Semisequicentennial Transportation Conference Proceedings
May 1996, Iowa State University, Ames, Iowa

Dynamic Field Performance of Timber Bridges

Douglas L. Wood, Terry J. Wipf, and Michael A. Ritter

D.L. Wood and T.J. Wipf,
Department of Civil and Construction Engineering,
Iowa State University,
Ames, Iowa 50011.

M.A. Ritter,
Forest Products Research Lab,
Madison, Wisconsin.

The dynamic response of three glued laminated (glulam) timber bridges has been determined from field test results using a heavily loaded truck. Bridge deflections and accelerations were measured for various vehicle speeds at the bridge midspan and recorded using a high speed data acquisition system and a dynamic amplification factor (DAF) computed. These tests were part of a field testing program to be performed as part of a larger research study that will include analytical research as well. The experimental data described in this paper will be used to validate analytical models. For brevity, only one span of one bridge will be discussed here. The overall purpose of the larger study will be to determine the dynamic behavior of glulam timber bridges so that reliable design specifications can be developed. Key words: timber, bridge, dynamic, glued laminated, girder.

Wood has been used as a bridge material in the United States for hundreds of years. Despite the exclusive use of wood bridges during much of the 19th century, the 20th century brought a significant decline in the percentage of wood bridges relative to those of other materials. At the present time, approximately 10 percent of the bridges listed in the National Bridge Inventory are wood (1). Recently, there has been a renewed interest in wood as a bridge material and several national programs have been implemented to further develop wood bridge systems. As a result of the Timber Bridge Initiative and the Intermodal Surface Transportation Efficiency Act, passed by Congress in 1988 and 1991, respectively, funding has been made available for timber bridge research (2). A portion of this research is aimed at refining and developing design criteria for wood bridge systems. This project to investigate the dynamic characteristics of wood bridges is part of that program and involves a cooperative research study between Iowa State University, the USDA Forest Service, Forest Products Laboratory, and the Federal Highway Administration. The first phase of the project addressed the dynamic performance of stress-laminated timber bridge decks (3). The second phase of the project is to assess the dynamic characteristics of glulam timber girder bridges.

Glulam timber girder bridges typically consist of a series of longitudinal glulam beams which support transverse glulam deck panels (Figure 1). The girders are available in standard nominal widths ranging from 4 to 16 in. (100 to 400 mm) with girder depth limited only by transportation and pressure treating restrictions. Deck panels are usually 5 to 6I in. (127 to 171 mm) thick, 4 ft (1.2 m) wide, and are continuous across the bridge width. Lateral support and alignment of the girders is provided by transverse bracing at the bearings and at intermediate locations along the span. Glulam girder bridges are feasible for spans ranging from 20 to 140 ft (6 to 43 m), although most are in the span range of 25 to 80 ft (7 to 24 m).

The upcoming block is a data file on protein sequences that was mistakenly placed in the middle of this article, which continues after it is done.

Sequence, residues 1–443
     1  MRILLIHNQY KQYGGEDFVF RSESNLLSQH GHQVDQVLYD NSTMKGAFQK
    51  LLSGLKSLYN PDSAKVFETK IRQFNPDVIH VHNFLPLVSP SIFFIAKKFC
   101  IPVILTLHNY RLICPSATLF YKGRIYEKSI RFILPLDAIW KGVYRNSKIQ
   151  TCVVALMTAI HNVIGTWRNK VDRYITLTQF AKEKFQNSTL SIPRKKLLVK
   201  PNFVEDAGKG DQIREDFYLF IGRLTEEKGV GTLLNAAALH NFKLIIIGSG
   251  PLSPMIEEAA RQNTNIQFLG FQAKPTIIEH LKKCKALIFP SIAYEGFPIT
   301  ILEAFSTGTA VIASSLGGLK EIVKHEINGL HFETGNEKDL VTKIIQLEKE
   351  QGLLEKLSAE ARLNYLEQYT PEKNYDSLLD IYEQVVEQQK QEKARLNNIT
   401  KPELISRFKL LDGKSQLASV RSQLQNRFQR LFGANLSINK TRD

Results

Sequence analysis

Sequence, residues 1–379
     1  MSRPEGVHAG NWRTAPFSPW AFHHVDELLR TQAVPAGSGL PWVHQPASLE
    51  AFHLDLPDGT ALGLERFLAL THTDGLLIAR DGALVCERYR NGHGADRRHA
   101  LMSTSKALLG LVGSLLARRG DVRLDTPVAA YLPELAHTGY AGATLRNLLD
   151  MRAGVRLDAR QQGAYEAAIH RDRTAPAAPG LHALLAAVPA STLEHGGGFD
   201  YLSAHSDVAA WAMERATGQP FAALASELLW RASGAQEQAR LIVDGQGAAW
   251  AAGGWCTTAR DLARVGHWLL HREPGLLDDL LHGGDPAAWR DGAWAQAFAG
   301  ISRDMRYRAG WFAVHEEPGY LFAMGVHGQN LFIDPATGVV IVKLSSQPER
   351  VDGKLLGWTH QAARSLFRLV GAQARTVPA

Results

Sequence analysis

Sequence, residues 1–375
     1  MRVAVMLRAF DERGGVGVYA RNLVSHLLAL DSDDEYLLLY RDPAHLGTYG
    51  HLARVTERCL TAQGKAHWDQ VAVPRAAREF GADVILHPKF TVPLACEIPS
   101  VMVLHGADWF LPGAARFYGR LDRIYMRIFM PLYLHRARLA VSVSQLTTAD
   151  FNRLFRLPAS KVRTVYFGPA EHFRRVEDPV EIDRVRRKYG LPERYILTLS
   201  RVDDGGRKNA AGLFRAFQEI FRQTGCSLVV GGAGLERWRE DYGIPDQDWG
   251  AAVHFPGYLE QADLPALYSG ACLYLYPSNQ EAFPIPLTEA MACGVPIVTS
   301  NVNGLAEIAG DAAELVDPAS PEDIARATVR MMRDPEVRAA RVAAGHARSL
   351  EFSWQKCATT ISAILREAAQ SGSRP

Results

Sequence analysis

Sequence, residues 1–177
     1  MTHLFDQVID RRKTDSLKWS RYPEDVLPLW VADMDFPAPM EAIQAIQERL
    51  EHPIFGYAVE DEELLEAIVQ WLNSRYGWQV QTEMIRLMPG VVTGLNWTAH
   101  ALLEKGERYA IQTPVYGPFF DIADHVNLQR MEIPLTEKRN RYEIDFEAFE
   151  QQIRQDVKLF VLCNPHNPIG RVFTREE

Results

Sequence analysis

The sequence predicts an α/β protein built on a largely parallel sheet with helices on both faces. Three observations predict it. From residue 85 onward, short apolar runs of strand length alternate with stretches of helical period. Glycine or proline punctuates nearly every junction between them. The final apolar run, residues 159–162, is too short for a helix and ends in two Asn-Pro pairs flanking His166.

Static and dynamic tests were performed on three bridges of which one is presented in this paper. Vertical deflections were measured for several vehicle velocities for two different road approach roughnesses. The dynamic deflection data were compared to static deflections to quantify a dynamic amplification factor (DAF) for each test. The field tests were designed to observe bridge deflections and accelerations along with the vertical accelerations of the test vehicle.


Three bridges were tested in Alabama; Mud Creek Bridge, Wittson Bridge, and Chambers County Bridge. Two spans were tested on The Wittson Bridge primarily to look at the response of a long span, 102 ft (31 m). The general bridge descriptions are shown in Table 1. For this paper only the Chambers Co. Bridge will be discussed in detail.

TABLE 1 Bridge Descriptions
Bridge Span ft (m) Stringers Lanes
Mud Creek Bridge 41 (12.5) 5 2
Wittson Bridge - Span 1 52 (15.8) 4 1
Wittson Bridge - Span 2 102 (31) 4 1
Chambers Co. Bridge 53 (16.1) 6 2

The Chambers Co. Bridge is a 53.1 ft (16.2 m) long single-span, two-lane bridge. Support for the bridge is provided by 6 glulam timber girders spaced 60 in. (1.5 m) on-center. The girders measure 8L in. (219 mm) wide by 53H in. (1359 mm) deep and are manufactured from visually graded Southern Pine (E = 1,850 to 1,930 ksi) (12.75E7 to 13.31E7 KPa). Deck panels are 5 in. (127 mm) thick, 48 in. (1219 mm) wide and are 29 ft (8.8 m) long to extend continuously across the bridge width. Steel guardrail on timber posts is installed on both sides of the bridge.

Traveling from the south, (the direction traveled by the test vehicle) the approach roadway to the bridge has slight a downward grade that levels 350 ft (106 m) before the bridge. According to the visual observation, the approach road surface roughness conditions could be characterized as good (asphalt pavement). The bridge pavement surface roughness could be characterized as very good. During the testing a depression about 1 in. deep developed in the middle of the immediate approach to the bridge.

The test truck was a three axle dump truck with a steel walking beam rear suspension with 179 in. (4.5 m) between the steering axle and first rear tandem axle and 53 in. (1.35 m) between the rear tandem axles. The axle loads from front axle to rear axle were 14.3 kips (63.6 kN), 24.8 kips (110.3 kN), and 24.8 kips (110.3 kN), respectively.